Property is at the heart of economic institutions, beliefs about freedom and security, and people’s understanding of their relationship to the Earth. The focus of this course is (1) understanding the role of property law in harm to the environment and in human relations of inequality and (2) exploring alternatives to the norms and legal forms of property. To do this, we will integrate analysis of political theory, legal theory, legal history, case law, environmental policy, and issues such as housing and homelessness. This course will explore the connections between property law and beliefs basic to the economic and political systems of common law countries. For example, we will look at how property law expresses and maintains assumptions about human superiority to other life forms, and the links between those beliefs and settler colonialism. We will (briefly) look at the legal history of property to understand evolving structures of power and inequality, and the role of property law in that evolution. Legal history provides a perspective that allows us to see that beliefs and practices dominant today have not existed from “time immemorial.” This then sets the stage for examining viable alternatives to existing property structures. In exploring those alternatives, we will look to Indigenous law, comparative law, and the potential for existing legal concepts like “trust” to be re-purposed. We will look at issues of human inequality and the ways they are interwoven with environmental harm. Hierarchies among humans and between humans and the Earth (with humans at the top of a pyramid of life forms) are interconnected through property law. Because property is so embedded in institutions and norms, transformation will require a deep rethinking of core beliefs. We will look at some of the resources for re-envisioning property and the values associated with it. In addition to Indigenous teachings (including learning from the land), these include: the invocation of spiritual traditions, such as Buddhism and Christianity, to promote care for the earth; theories of the role of competition vs cooperation in evolution and contemporary “human nature;” the importance of nature for human health. Specific topics will include: property and settler colonialism; animals as legal beings; learning to care for the earth; the history of exclusion from the land; the importance of “place” in assessing loss of property; the idea of all land held in trust for the earth community, present and future; the power and threat of the myth of absolute rights of property; property, poverty, and homelessness.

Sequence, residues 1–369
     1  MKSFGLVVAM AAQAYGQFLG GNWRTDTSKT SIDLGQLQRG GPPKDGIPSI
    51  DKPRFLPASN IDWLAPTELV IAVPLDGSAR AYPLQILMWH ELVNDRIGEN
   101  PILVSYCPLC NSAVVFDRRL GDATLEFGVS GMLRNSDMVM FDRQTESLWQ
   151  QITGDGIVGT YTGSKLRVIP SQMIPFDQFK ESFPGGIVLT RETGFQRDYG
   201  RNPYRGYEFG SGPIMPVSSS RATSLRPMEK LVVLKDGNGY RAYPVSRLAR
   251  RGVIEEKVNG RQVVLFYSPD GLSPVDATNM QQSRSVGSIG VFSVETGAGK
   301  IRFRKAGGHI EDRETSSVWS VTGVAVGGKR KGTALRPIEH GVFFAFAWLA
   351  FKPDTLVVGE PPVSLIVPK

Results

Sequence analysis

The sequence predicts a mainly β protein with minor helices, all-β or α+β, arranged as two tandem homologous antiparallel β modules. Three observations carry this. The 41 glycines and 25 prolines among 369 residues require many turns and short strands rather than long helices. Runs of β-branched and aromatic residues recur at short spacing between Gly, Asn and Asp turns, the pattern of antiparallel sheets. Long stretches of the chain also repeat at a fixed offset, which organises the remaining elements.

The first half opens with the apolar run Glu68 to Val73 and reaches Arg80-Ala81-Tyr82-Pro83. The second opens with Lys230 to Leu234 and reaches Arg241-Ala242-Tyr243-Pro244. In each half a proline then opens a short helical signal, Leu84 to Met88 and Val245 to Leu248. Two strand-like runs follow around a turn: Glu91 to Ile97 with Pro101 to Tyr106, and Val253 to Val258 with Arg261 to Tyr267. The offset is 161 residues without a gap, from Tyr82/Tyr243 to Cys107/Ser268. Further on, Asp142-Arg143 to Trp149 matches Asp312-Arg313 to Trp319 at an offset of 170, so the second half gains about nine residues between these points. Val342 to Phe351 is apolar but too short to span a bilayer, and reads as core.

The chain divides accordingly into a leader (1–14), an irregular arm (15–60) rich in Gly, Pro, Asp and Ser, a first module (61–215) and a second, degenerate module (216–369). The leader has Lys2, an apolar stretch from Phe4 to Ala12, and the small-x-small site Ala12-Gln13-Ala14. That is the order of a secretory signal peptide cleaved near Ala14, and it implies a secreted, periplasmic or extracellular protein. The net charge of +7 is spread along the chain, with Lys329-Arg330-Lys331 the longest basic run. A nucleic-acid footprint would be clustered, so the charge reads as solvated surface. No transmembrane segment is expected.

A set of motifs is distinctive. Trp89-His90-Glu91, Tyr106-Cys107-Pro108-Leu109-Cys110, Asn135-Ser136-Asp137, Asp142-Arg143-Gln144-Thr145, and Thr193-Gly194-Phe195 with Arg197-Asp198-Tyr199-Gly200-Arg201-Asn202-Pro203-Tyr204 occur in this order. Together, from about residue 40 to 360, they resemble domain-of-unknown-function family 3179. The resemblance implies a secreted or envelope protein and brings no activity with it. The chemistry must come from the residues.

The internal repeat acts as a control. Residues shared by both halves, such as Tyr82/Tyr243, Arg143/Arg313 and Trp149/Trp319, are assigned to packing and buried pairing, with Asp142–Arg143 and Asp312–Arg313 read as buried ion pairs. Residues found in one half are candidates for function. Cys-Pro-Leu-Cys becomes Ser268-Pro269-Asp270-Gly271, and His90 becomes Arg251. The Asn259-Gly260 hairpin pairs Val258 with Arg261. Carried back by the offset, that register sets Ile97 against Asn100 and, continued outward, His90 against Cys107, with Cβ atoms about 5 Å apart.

Course or Seminar Category: Equality Social Justice andHuman Rights Law
Law & Religion in Legal, Social, and Political Perspective
Students enrolled in this seminar will engage in a close and critical examination of the complex historical and contemporary interactions between law and religion, two social forces whose relationship has shaped – and continues to shape – our modern world. This seminar will call upon students to use the study of the interaction of law and religion as a vehicle for gaining (a) a keener appreciation of the challenges of deep cultural diversity, (b) a deeper and more complex sense of the politics of “secularism” and (c) a richer understanding of the nature of law. Students will examine certain influential theories in the study of religion and learn about the place of religion in the historical foundations of the common law. They will trace issues of religious difference in international and comparative perspective, and examine the structure and limits of constitutional rights through the study of doctrines of religious freedom and the general jurisprudence on minority protection. The seminar will be overtly interdisciplinary, putting questions of history, philosophy, and religious studies alongside legal theory and analysis.
Law, Gender, Equality
This course explores the importance of gender as a category that structures identity, opportunity, and hierarchy. Gender intersects with other categories of hierarchy such as race, class, religion, citizenship status, ethnicity, sexual preference and identity, and able-bodiedness. The course will explore both theories of how intersectionality works, and the role it plays in the particular spheres of law we will focus on. The primary focus of this course is the complex role that law plays in constructing gender (understood in intersectional terms) and in both maintaining and attempting to overcome inequality. The first overarching topic is violence: Sexual Assault on Trial; Law, Gender and Violence: Theoretical and Historical Perspectives; Structural Violence and Indigenous Women. Another very basic way that gender organizes people lives and opportunities is the way gender structures who provides the basic care that all human beings rely on, and how paid work is organized. Thus, the second broad topic is how law intersects with issues of work and care: gender identity, labour law, international migration, tax law, and the global economy. We will look at issues of : Masculinity, Care, and the Legal Structuring of Gender Relations; The Intersecting Structure of Work and Care; Care, Work and “Domestic Work”; Restructuring Work and Care; Law and Gender in Global Context. The readings will provide a range of approaches from feminist theory, to legal history, to empirical studies of lawyers and courts, to doctrinal analysis, to proposals for fundamental societal transformation.